Today, we’re looking at the Return on Investment (ROI) of an Accessory Dwelling Unit (ADU) in Denver. As part of our recent series on ADUs, we talked a lot about how to finance and build one, but what does it look like once it’s complete?
Chris and I reviewed a property located in the Sloan’s Lake neighborhood of Denver with a recently completed ADU. The owners spent about $300K to build this high-end, 1 bedroom/1 bathroom structure in their backyard. They’re renting it out as a short-term rental on Airbnb.
- Listen to the podcast “#353: Do the Numbers Make Sense to Build an ADU in Denver?” on the Denver Real Estate Investing Podcast
- Watch the YouTube video (at the bottom).
- Read the blog post. Note, the blog is an executive summary. Get the in-depth breakdown from the podcast or video.
Property Financing Details
For example purposes, we’re assuming the ADU was financed through a refinance of the owner’s primary home. As we’ve discussed, financing ADUs can be tricky, and this option is commonly used. We’re focusing more on the operational costs and cashflow than we are on financing.
We ran the numbers using the Rental Property Spreadsheet.
Even though the ADU is brand-new, we estimated $5K in repair costs to furnish it as a short-term rental.
The $3900 in monthly rental income is what the owners are actually getting from this property. The property goes for $150 a night 30 days a month.
We ran the vacancy rate at 20% to be conservative, but anywhere in Denver is going to be under that number.
Property Operating Expenses
A big difference between long term and short term rentals is the cost for property management. A PM for a long term rental generally charges about 10%, while the average for short term rentals is 25%. This number may seem jaw dropping, but these services include everything: bookings, cleaning, coordinating repairs, etc.
We were able to run reserves and maintenance at 3% because it’s a new build and having all of those eyes on the property keeps it better maintained. Our interview with Bryan Looney on short-term rental property management goes into this in more detail. In short: guests and cleaners tend to notice smaller issues on a property before they become bigger problems.
Since we’re assuming this is a refinance, we wrapped taxes and insurance into the main house. Electricity is separately metered, but water and sewer are connected to the main house.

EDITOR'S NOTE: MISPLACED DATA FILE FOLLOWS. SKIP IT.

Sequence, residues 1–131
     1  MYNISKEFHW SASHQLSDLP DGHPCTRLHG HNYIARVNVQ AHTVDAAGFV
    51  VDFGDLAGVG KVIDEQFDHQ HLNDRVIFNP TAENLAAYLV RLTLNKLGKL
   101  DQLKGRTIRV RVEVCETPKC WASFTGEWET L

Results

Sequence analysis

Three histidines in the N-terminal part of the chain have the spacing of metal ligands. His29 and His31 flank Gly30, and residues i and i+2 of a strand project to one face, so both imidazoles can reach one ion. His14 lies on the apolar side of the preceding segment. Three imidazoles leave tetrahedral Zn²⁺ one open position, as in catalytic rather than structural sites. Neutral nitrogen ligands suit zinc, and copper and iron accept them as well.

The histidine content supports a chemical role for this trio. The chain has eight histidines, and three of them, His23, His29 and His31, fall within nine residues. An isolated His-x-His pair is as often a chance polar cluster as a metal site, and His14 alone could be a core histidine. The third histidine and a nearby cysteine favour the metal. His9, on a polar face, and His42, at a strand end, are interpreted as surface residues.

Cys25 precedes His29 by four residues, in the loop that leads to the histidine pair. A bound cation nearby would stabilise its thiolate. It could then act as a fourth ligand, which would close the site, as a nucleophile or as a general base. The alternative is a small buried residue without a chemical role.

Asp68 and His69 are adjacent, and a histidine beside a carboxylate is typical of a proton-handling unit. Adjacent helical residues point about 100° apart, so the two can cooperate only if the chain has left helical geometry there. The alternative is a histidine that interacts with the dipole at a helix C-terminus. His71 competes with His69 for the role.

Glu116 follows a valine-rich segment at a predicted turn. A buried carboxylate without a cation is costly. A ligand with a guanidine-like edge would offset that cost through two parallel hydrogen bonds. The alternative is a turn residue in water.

Because this is a short term rental, we’re budgeting for replenishables that are used by guests, such as shampoo, soaps, toilet paper, and snacks.
First Year Returns
These numbers are based on what a refinance of the main property would look like. They would look similar if the owners did a construction loan or a cash out refinance. The great thing about ADUs is that there is a lot of flexibility in how to finance them.
First Year Returns with No Property Management Fee
Since the owners live on-site, we also ran the numbers if they chose to management the property themselves. This is a popular option because it requires a fair bit of work to get set up but can run like a well-oiled machine once the processes are in place. Once we remove the PM, the numbers get even better: the cap rate jumps to almost 10%. That’s a number we usually only see in room by room rentals, and it makes building an ADU even more attractive.
Does It Make Sense to Build an ADU?
A lot of people want to know if it’s worth it to build an ADU. Having the option to use the ADU as a short term rental is great since they are in such high demand in Denver. We’re all scared of the steep cost to build ADUs, but it can make sense once you figure out the financing. The appreciation in the Denver area in the past 18 months is astounding, and many homeowners are sitting on a lot of equity that can be used for this purpose.
While some investors may want to put that equity into a higher performing asset, it comes back to what an individual’s goals. If you’re already in your forever home, putting an ADU in your backyard can be a smart move. The great thing about ADUs is their flexibility—they gives homeowners the option to use them as a short term rental for income, and be used for a variety of other purposes, too.
An ADU is a lifestyle investment. Many people buy mountain homes to use and then rent them out in the mean time, and an on-site ADU is no different. It’s a great option for out of town guests, a place for family members to move into, or nannies or other helpers to stay.
Connect with Us
To learn more about ADUs, check out our recent series:
#1: ADU Overview and Zoning Regulations for the Denver Metro Area
#2: ADU in Cory-Merrill, Does it Cash Flow?
#3: How the Hell Do I Finance My ADU?
#4: What It Takes to Build an ADU with Phil Daughton
ADU Directory for Denver, Colorado
As always, reach out to us with any questions about ADUs, but be sure to check with your locality for specific rules and guidelines.
Do the Numbers Make Sense to Build an ADU in Denver?
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